2. Exclude nonacute inpatient stays (Nonacute Inpatient Stay Value Set)
    3. Identify the discharge date for the stay

    Use only facility claims to identify discharges and diagnoses for denominator events (including readmissions or direct transfers). Do not use professional claims.

  • Transfers to an Acute Inpatient Care Setting. Include hospitalizations in which the member was transferred directly to another acute inpatient care setting for any diagnosis. Count the discharge from the subsequent acute inpatient stay, not the initial discharge. The discharge date from the subsequent acute inpatient stay must occur on or before June 30 of the measurement year. Organizations must identify "transfers" using their own methods and then confirm the acute inpatient care setting. To confirm the acute inpatient care setting:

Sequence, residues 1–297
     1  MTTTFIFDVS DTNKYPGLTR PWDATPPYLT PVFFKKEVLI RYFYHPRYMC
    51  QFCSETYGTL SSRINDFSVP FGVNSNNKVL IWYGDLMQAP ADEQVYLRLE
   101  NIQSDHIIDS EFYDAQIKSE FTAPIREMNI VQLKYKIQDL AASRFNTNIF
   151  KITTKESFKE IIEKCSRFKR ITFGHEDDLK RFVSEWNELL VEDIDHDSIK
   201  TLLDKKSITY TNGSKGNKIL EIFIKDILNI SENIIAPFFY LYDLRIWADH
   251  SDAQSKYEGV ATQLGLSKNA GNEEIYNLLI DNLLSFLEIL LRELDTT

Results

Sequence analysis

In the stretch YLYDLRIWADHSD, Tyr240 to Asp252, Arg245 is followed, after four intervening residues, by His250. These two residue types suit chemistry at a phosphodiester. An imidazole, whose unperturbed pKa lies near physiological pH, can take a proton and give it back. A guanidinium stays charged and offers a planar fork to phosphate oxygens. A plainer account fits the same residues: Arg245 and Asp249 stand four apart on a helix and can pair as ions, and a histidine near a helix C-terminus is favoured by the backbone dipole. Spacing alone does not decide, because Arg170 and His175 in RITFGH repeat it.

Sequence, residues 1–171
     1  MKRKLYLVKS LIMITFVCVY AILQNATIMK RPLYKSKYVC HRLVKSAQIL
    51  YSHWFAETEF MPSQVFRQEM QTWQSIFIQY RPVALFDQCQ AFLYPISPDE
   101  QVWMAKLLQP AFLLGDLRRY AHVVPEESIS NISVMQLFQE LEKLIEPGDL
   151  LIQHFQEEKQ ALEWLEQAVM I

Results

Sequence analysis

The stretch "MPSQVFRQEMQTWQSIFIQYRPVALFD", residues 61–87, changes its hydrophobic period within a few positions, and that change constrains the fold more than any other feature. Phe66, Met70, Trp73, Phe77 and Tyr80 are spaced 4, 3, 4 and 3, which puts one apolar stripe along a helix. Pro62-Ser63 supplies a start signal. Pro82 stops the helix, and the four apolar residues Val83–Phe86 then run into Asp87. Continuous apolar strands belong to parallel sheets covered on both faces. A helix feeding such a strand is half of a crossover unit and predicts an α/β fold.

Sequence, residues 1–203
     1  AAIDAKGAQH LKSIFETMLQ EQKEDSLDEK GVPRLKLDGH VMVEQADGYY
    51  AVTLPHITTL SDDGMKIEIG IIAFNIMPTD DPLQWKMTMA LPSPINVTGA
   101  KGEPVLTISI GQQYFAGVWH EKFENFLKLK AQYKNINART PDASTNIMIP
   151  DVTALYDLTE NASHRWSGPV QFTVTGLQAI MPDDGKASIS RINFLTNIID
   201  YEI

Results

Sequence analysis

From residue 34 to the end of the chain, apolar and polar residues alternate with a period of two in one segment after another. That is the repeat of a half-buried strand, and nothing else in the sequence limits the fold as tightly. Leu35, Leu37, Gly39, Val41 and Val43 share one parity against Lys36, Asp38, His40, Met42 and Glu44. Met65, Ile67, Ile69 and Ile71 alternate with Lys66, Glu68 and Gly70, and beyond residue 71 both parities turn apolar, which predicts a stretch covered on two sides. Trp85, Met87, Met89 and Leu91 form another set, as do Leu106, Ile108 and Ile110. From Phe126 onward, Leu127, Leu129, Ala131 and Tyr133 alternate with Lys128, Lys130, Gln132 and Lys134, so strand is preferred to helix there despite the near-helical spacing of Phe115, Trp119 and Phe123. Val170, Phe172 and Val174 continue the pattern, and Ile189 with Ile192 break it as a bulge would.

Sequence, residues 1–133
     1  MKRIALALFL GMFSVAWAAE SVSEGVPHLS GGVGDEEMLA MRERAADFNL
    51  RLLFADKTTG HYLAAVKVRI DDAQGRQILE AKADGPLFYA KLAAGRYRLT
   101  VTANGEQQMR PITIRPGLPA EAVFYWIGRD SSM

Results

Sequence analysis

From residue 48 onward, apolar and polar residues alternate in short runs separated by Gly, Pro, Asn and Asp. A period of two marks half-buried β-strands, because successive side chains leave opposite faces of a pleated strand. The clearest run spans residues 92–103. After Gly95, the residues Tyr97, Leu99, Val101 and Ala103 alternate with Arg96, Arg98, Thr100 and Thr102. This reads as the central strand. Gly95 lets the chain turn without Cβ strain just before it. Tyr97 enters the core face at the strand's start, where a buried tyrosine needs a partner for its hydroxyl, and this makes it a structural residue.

1. Identify all acute and nonacute inpatient stays (Inpatient Stay Value Set)
    2. Exclude nonacute inpatient stays (Nonacute Inpatient Stay Value Set)

Note:

  • Members must have been continuously enrolled on the discharge date through 179 days after discharge.
  • Allowable Gap: No more than one gap in enrollment of up to 45 days within 180 days of the event. To determine continuous enrollment for a Medicaid beneficiary for whom enrollment is verified monthly, the member may not have more than a 1-month gap in coverage.

Exclusions

  • Transfers to a Nonacute Inpatient Care Setting: Exclude from the denominator hospitalizations in which the member was transferred directly to a nonacute inpatient care setting for any diagnosis. Organizations must identify "transfers" using their own methods and then confirm the nonacute inpatient setting. To confirm the nonacute inpatient setting: